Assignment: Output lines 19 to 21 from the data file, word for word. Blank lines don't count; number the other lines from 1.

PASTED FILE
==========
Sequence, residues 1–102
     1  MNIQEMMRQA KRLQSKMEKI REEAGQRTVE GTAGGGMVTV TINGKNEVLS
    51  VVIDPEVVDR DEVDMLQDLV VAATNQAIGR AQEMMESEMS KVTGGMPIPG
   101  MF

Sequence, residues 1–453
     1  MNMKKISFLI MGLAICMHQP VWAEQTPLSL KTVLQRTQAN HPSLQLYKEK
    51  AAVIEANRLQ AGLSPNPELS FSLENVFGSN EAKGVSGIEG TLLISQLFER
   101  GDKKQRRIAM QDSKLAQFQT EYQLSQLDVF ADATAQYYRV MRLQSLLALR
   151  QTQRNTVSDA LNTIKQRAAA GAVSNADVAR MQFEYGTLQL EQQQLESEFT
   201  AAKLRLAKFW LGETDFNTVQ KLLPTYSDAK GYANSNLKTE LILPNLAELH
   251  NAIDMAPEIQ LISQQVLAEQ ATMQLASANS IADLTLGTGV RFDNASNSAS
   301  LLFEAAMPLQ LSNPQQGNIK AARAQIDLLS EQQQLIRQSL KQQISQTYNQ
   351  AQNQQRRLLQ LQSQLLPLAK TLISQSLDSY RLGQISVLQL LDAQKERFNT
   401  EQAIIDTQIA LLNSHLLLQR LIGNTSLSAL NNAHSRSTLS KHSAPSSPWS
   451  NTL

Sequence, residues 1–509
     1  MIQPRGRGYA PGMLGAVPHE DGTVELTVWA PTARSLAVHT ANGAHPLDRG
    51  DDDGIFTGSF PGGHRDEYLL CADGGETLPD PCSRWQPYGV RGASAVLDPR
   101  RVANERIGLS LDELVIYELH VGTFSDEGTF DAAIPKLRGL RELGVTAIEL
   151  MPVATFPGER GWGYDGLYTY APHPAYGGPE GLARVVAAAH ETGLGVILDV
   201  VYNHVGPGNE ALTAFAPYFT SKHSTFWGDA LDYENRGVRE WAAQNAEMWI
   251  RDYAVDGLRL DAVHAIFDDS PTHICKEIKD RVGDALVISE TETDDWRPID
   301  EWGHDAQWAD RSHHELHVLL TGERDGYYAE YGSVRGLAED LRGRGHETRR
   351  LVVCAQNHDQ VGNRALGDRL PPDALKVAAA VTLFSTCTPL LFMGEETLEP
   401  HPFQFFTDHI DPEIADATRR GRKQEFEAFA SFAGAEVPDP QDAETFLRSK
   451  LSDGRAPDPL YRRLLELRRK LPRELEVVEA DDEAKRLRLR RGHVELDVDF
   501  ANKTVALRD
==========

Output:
   101  RVANERIGLS LDELVIYELH VGTFSDEGTF DAAIPKLRGL RELGVTAIEL
   151  MPVATFPGER GWGYDGLYTY APHPAYGGPE GLARVVAAAH ETGLGVILDV
   201  VYNHVGPGNE ALTAFAPYFT SKHSTFWGDA LDYENRGVRE WAAQNAEMWI